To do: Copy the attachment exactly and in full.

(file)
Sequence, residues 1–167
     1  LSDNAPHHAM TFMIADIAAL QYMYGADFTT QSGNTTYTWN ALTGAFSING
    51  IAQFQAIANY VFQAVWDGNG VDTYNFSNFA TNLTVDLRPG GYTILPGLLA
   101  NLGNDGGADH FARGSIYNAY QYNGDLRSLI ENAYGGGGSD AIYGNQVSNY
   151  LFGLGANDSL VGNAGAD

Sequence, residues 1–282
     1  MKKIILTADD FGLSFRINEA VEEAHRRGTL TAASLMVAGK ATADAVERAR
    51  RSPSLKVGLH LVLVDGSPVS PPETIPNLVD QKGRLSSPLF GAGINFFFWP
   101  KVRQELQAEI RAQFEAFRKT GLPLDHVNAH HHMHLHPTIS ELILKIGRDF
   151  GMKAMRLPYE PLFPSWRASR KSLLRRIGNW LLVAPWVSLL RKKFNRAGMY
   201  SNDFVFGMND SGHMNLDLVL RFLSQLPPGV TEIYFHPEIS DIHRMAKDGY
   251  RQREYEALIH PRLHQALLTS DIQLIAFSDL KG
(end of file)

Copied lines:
Sequence, residues 1–167
     1  LSDNAPHHAM TFMIADIAAL QYMYGADFTT QSGNTTYTWN ALTGAFSING
    51  IAQFQAIANY VFQAVWDGNG VDTYNFSNFA TNLTVDLRPG GYTILPGLLA
   101  NLGNDGGADH FARGSIYNAY QYNGDLRSLI ENAYGGGGSD AIYGNQVSNY
   151  LFGLGANDSL VGNAGAD

Sequence, residues 1–282
     1  MKKIILTADD FGLSFRINEA VEEAHRRGTL TAASLMVAGK ATADAVERAR
    51  RSPSLKVGLH LVLVDGSPVS PPETIPNLVD QKGRLSSPLF GAGINFFFWP
   101  KVRQELQAEI RAQFEAFRKT GLPLDHVNAH HHMHLHPTIS ELILKIGRDF
   151  GMKAMRLPYE PLFPSWRASR KSLLRRIGNW LLVAPWVSLL RKKFNRAGMY
   201  SNDFVFGMND SGHMNLDLVL RFLSQLPPGV TEIYFHPEIS DIHRMAKDGY
   251  RQREYEALIH PRLHQALLTS DIQLIAFSDL KG